Mr. Smith to Mr. Hay.

Sir: Some weeks since I had occasion to communicate to the State Department the anxiety of the officers and friends of the board concerning the safety and protection of those American citizens who were engaged in missionary work in the province of Shansi under the direction of our board. The assurance given in response to this reply, that everything possible was being done by our Government for the welfare of these people, was most welcome and is gratefully acknowledged.

On September 8 word came through Consul-General Goodnow, at Shanghai, that our entire force in that field, 5 men, 5 women, and 5 children, had been massacred, some on July 31, the others on August 15. Further tidings immediately followed which made it clear that this foul murder was done with the connivance of the governor of the province, if not by his express direction. The husband and father in two of the families—the only means of support in each case to a wife and three little children, happily in this country—fell, and the fear of want has been added to the unspeakable anguish of the terrible bereavement. Nothing could well exceed the atrocity of this deed. Its bold defiance of our treaty rights, the undisguised treachery of this governor which attended the act, the tremendous proportions of the crime, the extinction of a whole mission, all alike demand most careful inquisition and righteous punishment. When our Government arranges a settlement with China this horrible deed of the Shansi governor will not be forgotten, and a repetition of such a deed in the future will surely be made impossible.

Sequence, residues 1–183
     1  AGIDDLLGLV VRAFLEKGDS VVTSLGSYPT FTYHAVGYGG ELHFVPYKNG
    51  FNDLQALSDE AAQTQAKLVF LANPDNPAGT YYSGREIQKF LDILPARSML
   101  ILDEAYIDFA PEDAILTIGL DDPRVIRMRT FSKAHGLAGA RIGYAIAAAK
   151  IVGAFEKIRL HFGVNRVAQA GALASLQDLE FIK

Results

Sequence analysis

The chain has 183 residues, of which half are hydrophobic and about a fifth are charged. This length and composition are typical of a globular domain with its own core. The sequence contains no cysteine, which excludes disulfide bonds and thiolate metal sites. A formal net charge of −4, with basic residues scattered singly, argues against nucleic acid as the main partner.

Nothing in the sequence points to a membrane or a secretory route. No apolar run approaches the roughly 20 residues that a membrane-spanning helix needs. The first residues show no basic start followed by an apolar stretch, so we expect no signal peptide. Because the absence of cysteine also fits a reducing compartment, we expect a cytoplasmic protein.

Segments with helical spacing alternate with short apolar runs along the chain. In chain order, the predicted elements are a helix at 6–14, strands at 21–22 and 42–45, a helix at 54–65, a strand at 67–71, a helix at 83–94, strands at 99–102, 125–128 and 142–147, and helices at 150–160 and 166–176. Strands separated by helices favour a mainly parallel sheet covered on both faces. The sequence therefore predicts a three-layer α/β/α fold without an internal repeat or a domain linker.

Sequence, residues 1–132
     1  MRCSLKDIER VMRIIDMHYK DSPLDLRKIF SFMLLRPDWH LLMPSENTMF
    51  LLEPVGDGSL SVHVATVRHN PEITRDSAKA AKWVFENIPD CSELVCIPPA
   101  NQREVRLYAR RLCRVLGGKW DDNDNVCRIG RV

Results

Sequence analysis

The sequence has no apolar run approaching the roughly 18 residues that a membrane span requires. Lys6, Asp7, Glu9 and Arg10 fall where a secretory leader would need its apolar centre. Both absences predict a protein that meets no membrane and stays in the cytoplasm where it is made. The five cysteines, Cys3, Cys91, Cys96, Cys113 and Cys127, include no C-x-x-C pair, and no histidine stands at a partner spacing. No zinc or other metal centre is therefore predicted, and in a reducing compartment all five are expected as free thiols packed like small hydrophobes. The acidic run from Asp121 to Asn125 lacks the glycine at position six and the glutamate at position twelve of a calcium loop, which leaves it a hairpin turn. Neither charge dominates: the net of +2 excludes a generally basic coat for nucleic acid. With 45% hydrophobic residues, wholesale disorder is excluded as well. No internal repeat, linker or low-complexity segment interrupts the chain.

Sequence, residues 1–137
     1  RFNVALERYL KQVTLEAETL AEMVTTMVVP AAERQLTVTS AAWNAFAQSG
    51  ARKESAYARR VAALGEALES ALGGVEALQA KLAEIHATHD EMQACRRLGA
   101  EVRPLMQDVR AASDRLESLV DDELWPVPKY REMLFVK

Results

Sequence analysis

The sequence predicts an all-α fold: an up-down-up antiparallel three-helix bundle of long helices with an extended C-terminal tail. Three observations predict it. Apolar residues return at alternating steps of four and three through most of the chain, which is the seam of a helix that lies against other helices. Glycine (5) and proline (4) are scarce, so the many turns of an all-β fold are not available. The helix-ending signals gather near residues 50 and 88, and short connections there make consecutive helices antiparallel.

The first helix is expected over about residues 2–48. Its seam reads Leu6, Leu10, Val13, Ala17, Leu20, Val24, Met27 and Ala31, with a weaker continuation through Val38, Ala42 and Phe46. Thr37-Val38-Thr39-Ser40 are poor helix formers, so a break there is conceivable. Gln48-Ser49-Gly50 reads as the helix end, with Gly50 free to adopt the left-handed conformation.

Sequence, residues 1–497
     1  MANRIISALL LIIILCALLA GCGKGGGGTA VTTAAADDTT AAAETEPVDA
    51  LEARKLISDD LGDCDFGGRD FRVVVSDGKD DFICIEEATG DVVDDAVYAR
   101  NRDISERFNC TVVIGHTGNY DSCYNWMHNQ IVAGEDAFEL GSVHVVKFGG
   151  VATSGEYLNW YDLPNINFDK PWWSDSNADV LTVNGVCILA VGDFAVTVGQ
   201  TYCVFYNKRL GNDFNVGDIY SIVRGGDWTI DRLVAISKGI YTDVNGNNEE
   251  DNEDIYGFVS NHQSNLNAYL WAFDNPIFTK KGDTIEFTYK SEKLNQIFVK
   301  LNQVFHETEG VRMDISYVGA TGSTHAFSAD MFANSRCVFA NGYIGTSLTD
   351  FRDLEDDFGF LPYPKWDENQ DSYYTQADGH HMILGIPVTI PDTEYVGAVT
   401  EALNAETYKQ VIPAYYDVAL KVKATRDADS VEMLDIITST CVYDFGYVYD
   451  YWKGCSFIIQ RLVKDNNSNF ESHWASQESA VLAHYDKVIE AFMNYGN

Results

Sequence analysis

Confiding in the impartial regard of our Government for each and every one of its citizens and in its inflexible purpose to see that justice is done,

I am, etc.,

Judson Smith.